Anyone starting a new venture has to concern him or herself with gaining legitimacy. Most often the new entrepreneur does not think about what gaining legitimacy means or how it helps gain acceptance for the business. Without legitimacy, the business can have the best idea, but go nowhere. An entrepreneur does not exist on an island and has to consider stakeholder influences that cause the business’s success or failure. New business owners often focus on opportunity and fail to see the importance of satisfying the forces that can make or break their new ventures.
Customers are not the only stakeholders, but involve many different interests. For example, government can play a major role. Acs, Arenius, Hay, and Minnitti (2004) argued arcane laws, corrupt government, and extensive procedures can slow business formation and deter startups. Convincing government at different levels of the need for the business can lead to the success or failure of a new venture.
Usually legitimacy depends on building trust both of people and entities that have an interest in the business’s viability. Arogyaswamy and Rodsutti (2007) explained trust involves hard-nosed realism instead of naive acceptance. The entrepreneurs must achieve two kinds of legitimacy including the cognitive and social forms. Cognitive legitimacy is the type most often thought about because it involves satisfying customers’ needs. Social legitimacy is more difficult to achieve because it entails satisfying power brokers and opinion leaders from industry, trade associations, and lawmaking bodies. Both forms of legitimacy are critical because businesses do not exist in a vacuum. Many entrepreneurs do not think about gaining acceptance from these sources until too late in the venture formation process, which can stymie acceptance of new ideas and development of the business.
The social legitimacy of a business venture must recognize growth underlining more than just economic growth, but include a socioeconomic component to promote social justice. New ventures must have an interest in the ethical and moral characteristics besides the technical dimensions (Arogyaswamy & Rodsutti, 2007; Beirne, 2004). Brenkert (2002) argued decentralization and economic freedom offer economic equity, while promoting social wealth similar to Adam Smith and Joseph Schumpeter’s idea about the “invisible hand” contributing to new products, jobs, and higher incomes. Dwivedi, Varman, and Saxena (2003) said trust is the glue that cements entrepreneurial society together.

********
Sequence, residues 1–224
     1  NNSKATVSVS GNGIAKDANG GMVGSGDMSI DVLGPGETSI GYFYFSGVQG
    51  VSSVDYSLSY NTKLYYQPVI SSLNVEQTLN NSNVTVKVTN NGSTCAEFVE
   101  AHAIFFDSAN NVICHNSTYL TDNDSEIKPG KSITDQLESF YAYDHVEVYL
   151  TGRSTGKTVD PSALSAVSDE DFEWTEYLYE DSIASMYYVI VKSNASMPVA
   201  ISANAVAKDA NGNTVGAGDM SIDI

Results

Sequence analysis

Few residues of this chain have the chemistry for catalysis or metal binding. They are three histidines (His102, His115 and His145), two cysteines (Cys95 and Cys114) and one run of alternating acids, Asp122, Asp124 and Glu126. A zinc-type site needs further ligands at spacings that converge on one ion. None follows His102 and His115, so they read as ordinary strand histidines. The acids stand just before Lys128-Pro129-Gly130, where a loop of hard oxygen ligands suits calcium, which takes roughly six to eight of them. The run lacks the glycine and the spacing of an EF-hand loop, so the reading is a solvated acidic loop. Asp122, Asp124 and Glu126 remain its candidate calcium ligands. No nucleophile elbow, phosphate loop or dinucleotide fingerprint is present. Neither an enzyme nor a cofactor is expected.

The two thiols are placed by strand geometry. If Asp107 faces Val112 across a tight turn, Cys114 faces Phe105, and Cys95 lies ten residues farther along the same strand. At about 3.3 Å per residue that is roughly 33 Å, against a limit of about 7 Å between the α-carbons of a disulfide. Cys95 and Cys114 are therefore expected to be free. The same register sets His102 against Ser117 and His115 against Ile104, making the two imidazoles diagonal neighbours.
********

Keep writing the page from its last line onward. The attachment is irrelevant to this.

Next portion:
Arogyaswamy and Rodsutti (2007) argued a playing field tilted towards special interests hinders the efficiency of social justice. Entrepreneurs have to make sure special interests have not stacked the deck against them. Technology can help reduce disparities and improve freedom, equality, and efficiency. Technology allows society to undergo change from preexisting thought and action. The more open and flexible society is the less likely resistance will impair progress. Social justice depends on the right conditions.
Gaining legitimacy for a new venture is serious business. The founder of a new business should not relegate legitimacy to an afterthought. Legitimacy relies on influencing other stakeholders besides customers and demands a diligent effort. Legitimacy depends on building the right relations and developing trust. How a new business owner deals with gaining legitimacy is often the difference between success and failure.
by Dr Phil Harris
Acs, Z. J., Arenius, P., Hay, M., & Minnitti, M. (2004). Global Entrepreneurship Monitor. Babson Park, MA: Babson College.
Arogyaswamy, B., & Rodsutti, M. C. (2007). Entrepreneurship and national policy: Growth with justice. Journal of Small Business & Entrepreneurship, 20(2), 117-134. Retrieved from http://search.ebscohost.com/login.aspx?direct=true&db=ent&AN=24488549&site=ehost-live
Beirne, C. J. (2004). Esssential New York initiative: Adding ethical, civic, creative dimension to MDA’s dynamic plan The Post – Standard, pp. 0-A11. Retrieved from http://search.proquest.com/docview/325965223?accountid=35812
Dwivedi, M., Varman, R., & Saxena, K. K. (2003). Nature of trust in small firm clusters International Journal of Organizational Analysis (2003), 11(2), 93-104. Retrieved from https://search.ebscohost.com/login.aspx?direct=true&db=bth&AN=14074052&site=eds-live